Quickly, however, electric illumination split off into separate but related companies that manufactured and sold appliances and equipment or provided services to power users. Eventually, power generation and distribution itself divided into the power producers (whether hydro or coal), the electrical transmission companies, and the local utilities. Separate from these companies were the financiers. Most of these entities formed interlocking relationships that culminated in the organization of holding companies after 1910.

The advantages of the holding companies were that they stabilized financially precarious small utility companies and supplied management and engineering expertise, thus implicitly standardizing operations and equipment. The disadvantages were that they tended to reduce competition and were said to be unresponsive to local needs. Moreover, since the companies were highly leveraged, a tremor in one part of the organizational system could and did have far-reaching repercussions for consumers. Samuel Insull's electric power holding company controlled and generated one-eighth of the nation's power in 1931, and when the company failed, it affected over 1 million stock and bond holders as well as 41 million customers.

Unlike gas, electricity cannot be effectively stored in large quantities. Thus, plant size was a function of maximum or peak demand. Despite decentralized alternatives offered by batteries or self-contained generating plants that served one or two buildings or perhaps an industrial complex, the American model was central station generation and distribution on an increasingly expansive scale. The focus on central station electric power generation and distribution derived partly from Edison's vision and partly from Insull's strategy, which called for encouraging energy use to achieve greater production capacity and increased revenues, while passing off savings to the consumer in the form of lower prices to stimulate even greater consumption.

Edison's system had been based on direct current (DC), which had a practicable transmission range of about one mile. From 1880 to 1920, most of the innovations, including the use of alternating current (AC), were designed to increase the range, scale, and capacity of the central power station concept. Indeed, the Niagara project (1895) demonstrated the possibility of a regional system based on a hydroelectric generating station, high voltage transmission lines, substations, and local distribution. Improvement in coal-fired, steam-powered generators achieved similar increases in capacity. In the 1920s, inter-connection of generating plants and distribution systems together with pooling of energy sources enabled transmission grids to integrate coal- and hydro-powered generating plants into an expansive distribution system that served a diverse range of demands.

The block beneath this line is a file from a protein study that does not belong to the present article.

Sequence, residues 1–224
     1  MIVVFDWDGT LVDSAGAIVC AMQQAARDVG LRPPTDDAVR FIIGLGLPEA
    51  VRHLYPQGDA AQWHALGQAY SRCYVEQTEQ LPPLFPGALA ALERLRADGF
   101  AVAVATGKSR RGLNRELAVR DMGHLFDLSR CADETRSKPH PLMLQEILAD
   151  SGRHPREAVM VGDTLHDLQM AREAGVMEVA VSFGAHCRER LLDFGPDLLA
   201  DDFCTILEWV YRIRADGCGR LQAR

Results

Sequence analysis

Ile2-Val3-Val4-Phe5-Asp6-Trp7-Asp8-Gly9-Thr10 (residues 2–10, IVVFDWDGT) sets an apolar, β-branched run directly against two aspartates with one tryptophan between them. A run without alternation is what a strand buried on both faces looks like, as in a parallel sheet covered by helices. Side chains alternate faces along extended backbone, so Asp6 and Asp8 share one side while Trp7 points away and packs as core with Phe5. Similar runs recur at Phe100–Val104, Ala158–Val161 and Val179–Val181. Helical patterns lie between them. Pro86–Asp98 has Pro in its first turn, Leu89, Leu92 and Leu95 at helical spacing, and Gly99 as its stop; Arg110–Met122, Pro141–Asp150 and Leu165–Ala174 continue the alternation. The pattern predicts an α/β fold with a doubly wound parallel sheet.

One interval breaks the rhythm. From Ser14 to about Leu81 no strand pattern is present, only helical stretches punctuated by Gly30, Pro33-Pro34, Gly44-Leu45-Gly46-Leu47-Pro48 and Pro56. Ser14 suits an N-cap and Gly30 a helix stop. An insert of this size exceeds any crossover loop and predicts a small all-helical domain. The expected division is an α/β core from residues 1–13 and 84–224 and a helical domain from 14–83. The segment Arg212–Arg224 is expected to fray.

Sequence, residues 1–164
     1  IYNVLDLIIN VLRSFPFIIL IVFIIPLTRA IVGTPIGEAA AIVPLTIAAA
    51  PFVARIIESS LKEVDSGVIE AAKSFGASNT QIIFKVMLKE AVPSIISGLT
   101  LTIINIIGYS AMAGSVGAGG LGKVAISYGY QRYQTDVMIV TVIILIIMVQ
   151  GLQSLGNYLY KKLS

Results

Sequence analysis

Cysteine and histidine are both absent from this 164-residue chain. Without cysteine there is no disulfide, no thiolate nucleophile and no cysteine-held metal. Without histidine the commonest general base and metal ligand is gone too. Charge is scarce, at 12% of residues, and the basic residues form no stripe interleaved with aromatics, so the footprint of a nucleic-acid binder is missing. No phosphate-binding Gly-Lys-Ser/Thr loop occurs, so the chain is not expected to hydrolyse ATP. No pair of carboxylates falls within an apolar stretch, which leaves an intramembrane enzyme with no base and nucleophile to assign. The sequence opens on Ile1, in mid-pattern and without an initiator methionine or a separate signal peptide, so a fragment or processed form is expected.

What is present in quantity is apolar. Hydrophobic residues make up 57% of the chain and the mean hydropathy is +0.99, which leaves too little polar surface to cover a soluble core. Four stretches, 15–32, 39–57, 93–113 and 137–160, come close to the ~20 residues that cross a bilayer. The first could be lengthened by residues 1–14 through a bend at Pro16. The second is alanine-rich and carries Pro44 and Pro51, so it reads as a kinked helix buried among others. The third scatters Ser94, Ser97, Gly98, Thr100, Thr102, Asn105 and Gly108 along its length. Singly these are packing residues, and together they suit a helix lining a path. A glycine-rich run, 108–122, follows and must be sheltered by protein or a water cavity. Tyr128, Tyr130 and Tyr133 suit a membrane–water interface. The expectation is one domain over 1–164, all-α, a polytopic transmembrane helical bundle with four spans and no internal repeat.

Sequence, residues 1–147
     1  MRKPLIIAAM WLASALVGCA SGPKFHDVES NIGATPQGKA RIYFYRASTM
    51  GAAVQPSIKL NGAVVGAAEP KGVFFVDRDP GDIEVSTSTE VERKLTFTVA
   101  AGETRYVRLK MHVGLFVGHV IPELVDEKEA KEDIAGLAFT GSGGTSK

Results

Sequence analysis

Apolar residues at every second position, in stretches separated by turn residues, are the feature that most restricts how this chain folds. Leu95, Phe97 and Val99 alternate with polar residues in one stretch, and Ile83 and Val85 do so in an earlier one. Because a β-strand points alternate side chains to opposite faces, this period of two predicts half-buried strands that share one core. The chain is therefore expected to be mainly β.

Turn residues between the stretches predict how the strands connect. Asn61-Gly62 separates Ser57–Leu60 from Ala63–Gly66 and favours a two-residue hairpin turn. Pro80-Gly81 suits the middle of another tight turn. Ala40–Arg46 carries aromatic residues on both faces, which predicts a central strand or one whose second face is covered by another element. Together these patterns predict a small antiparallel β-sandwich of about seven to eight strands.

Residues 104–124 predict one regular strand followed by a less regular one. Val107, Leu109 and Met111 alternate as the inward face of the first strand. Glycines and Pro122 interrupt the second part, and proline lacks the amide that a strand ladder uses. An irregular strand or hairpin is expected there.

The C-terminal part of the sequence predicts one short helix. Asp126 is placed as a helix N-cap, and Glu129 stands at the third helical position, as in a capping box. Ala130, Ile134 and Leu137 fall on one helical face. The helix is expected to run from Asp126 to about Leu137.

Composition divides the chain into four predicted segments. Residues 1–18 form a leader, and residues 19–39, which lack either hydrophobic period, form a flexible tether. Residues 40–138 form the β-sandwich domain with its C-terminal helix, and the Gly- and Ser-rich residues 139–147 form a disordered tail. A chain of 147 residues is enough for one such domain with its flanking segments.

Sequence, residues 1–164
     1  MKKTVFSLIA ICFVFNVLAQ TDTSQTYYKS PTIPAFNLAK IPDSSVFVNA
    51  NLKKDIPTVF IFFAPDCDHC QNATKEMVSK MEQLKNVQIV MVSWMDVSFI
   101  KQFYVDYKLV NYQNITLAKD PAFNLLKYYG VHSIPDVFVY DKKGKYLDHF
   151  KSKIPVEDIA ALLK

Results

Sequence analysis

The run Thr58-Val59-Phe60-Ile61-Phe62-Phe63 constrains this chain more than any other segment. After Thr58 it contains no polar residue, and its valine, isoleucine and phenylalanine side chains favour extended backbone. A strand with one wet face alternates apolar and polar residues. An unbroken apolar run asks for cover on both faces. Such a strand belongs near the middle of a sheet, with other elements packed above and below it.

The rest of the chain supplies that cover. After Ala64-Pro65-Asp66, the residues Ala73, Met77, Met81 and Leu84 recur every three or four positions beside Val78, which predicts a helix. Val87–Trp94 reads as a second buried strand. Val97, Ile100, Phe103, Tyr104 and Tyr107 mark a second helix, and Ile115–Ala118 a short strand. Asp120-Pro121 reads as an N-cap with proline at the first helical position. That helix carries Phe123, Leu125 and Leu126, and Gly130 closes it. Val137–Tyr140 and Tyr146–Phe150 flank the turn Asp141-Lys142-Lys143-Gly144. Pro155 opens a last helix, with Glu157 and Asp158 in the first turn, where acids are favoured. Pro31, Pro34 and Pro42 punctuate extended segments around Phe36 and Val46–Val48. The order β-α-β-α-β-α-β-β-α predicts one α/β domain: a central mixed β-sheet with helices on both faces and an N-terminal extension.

Interior electric illumination in the 1880s was initially a luxury for the average consumer. It was introduced first into commercial establishments, like theaters and department stores, as well as into affluent residences. Electricity was first adopted by industry in small, labor-intensive and new industries, which took advantage of its fractional attributes -- meaning that the same system could support small machines, which used motors of less than 1 horsepower, and larger ones, such as motors of 1 to 10 horsepower. Central power station delivery allowed them to pay only for what they consumed and did not have to meet the relatively high threshold cost of installing and maintaining a self-contained power source, like a steam engine or an independent electric power plant nor find a means of exhausting the generated heat. Electricity was subsequently adopted by the large scale, heat-intensive industries, such metallurgy or food processing, in which the thermal properties possessed value for the industrial process. Electrification of industry led to substantial re-engineering of the industrial plant to achieve ancillary benefits in the form of more efficient uses of space as well as unit drive systems (i.e., one energy source per machine).

The 1920s were the era in which electricity permeated the home. By then, occupants of cities and burgeoning suburbs had access to multiple energy technologies. Although electricity continued to be most intensively used by the affluent, the presence of interproduct competition from gas and oil meant that prices for electricity tended to stay low. Falling prices, increased wages, and the decrease in the number of servants willing to staff middle and upper-middle class households fundamentally increased the material standard of living for the working class, while increasing the burden of housework for many women. With improvements in several household energy systems, which brought about gas and electric ranges, hot water heaters, irons, vacuum cleaners and refrigerators, Americans began to enjoy and to expect a cleaner personal and environmental standard. Laundry, which in an earlier time might have been sent out or assigned to a laundress who came in once a week, now became a routine household chore for the lady of the house.

From Edison's lab in New Jersey to John Ryan's copper mines in Montana, electrification was largely a private sector phenomenon. Cities, of course, were among the earlier consumers, and municipal regulation was a constant from the 1880s onward. From experience with both water and gas, which predated the Civil War (1861-1865), it was obvious that municipal franchises, which implied a degree of regulation, would be necessary to obtain access to rights-of-way within which to construct the conduits. State regulation of electric utilities was instituted in 1887 in Massachusetts, and state regulation, exercised through setting rates, has remained the dominant form of public oversight.